Brokers will receive requests from shipper customers that the broker take responsibility for some of the customer’s own requirements under the STF Rules. In other words, the customer will try to re-assign its responsibilities as a shipper to the broker, e.g., the development of written procedures for maintaining temperatures of food or the determination of requirements for sanitarily transporting food products. These requests should be carefully reviewed and rejected whenever possible. Brokers should try to reduce their role to merely being a messenger for their shipper customers in providing the customer’s instructions on the sanitary transportation of food to the carriers with which the broker contracts. To the extent that the broker assumes responsibilities from their shipper customers, they should pass them along to the contract carriers whenever possible, taking into consideration the concerns in the Carrier contracts section below.
Similarly, some shippers may attempt to have brokers accept certain obligations that only motor carriers are in a position operationally to meet. Brokers should not take on the responsibility of a carrier or ensure that the carrier will abide by these requirements. Brokers do not have any control over the equipment being provided by contract carriers to transport their customers’ foods products. Brokers should only agree to require their contract carriers to comply with motor carrier requirements under the STF Rules or abide by shipper customer requirements.
One approach taken by brokers is to simply push unreasonable shipper requirements down to the carrier. This is can be a perilous strategy. Most carriers engaged by brokers depend on insurers to pay claims – they simply do not have the ability to pay claims out-of-pocket. As mentioned above regarding seals, claims unrelated to the actual damage of products will most often be rejected by insurance companies. This puts brokers in a position where they are potentially paying claims to customers that they cannot recover from the transporting motor carrier. For instance, many standard cargo liability insurance policies designed to cover damage due to adulterated food product shipments or a broken seal (to the extent that there is seal coverage) require the determination of adulteration to be made by the FDA, the insurer or the insurer’s agent, and require that the product be salvaged when possible. Thus, if a broker were to agree with a shipper that a determination of adulteration or the salvageability of food product is left to the sole discretion of the shipper, there would likely be no coverage under a motor carrier’s standard cargo insurance policy or the broker’s contingent cargo liability policy. Brokers should discuss this coverage concern with shippers when negotiating shipper/broker contracts, avoid shipper “sole discretion” or “sole determination” language and insist on the mitigation of damages whenever possible.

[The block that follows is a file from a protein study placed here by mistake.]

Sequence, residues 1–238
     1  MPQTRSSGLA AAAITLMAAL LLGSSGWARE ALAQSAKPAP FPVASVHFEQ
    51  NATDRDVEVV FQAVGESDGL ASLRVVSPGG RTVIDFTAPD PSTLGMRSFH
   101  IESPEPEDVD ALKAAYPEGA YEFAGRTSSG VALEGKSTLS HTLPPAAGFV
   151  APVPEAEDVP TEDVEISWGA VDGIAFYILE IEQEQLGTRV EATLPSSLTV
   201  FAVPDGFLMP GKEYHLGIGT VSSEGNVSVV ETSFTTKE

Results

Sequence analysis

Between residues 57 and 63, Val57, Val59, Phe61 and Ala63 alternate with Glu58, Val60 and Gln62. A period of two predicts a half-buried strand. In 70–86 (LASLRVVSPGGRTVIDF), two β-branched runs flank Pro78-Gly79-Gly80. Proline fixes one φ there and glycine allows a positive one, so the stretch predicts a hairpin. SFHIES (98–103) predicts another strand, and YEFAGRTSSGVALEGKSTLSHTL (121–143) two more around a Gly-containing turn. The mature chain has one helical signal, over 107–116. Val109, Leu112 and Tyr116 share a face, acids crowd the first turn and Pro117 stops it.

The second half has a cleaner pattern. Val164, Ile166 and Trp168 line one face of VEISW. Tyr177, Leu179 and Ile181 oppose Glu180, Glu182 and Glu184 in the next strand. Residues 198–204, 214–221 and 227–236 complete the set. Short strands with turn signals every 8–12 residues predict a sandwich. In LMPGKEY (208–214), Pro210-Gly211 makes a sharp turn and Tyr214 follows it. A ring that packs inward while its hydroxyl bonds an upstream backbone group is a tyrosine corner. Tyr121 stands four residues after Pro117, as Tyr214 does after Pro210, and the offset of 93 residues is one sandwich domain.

More Stringent Requirements than the STF Rules Require
Brokers and carriers should discuss with shipper customers alternatives and not agree that the shipper customers, consignees or receivers may unilaterally deem food shipments “adulterated”, e.g., without an inspection, based upon the mere possibility that the goods have become contaminated or when the shipper’s instructions are not followed. Further, the adulteration determination should be made by a joint inspection conducted by an agreed upon qualified expert and not simply a shipper’s or consignee’s quality assurance representative. Brokers and carriers should not agree to assume liability beyond what the STF Rules require.
Stephanie Penninger is Partner in the Litigation and Transportation & Logistics Practice Groups of Benesch, Friedlander, Coplan & Aronoff LLP in Chicago, IL. She is also Chair of the firm’s Maritime Transportation Group. She may be reached at firstname.lastname@example.org or (312) 212-498.
Tyler Hayes is Associate General Counsel with England Logistics in Salt Lake City, UT. He may be reached at email@example.com.